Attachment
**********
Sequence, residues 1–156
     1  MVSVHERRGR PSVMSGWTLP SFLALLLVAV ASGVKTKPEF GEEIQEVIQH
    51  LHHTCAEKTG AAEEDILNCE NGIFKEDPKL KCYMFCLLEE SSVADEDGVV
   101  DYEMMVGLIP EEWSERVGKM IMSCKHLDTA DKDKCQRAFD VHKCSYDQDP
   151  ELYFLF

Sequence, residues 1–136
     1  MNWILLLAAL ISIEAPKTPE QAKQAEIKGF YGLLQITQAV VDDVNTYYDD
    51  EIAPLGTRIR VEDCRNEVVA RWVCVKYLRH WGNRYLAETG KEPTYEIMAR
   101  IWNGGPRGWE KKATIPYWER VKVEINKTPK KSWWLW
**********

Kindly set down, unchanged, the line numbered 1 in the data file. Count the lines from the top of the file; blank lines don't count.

Sequence, residues 1–156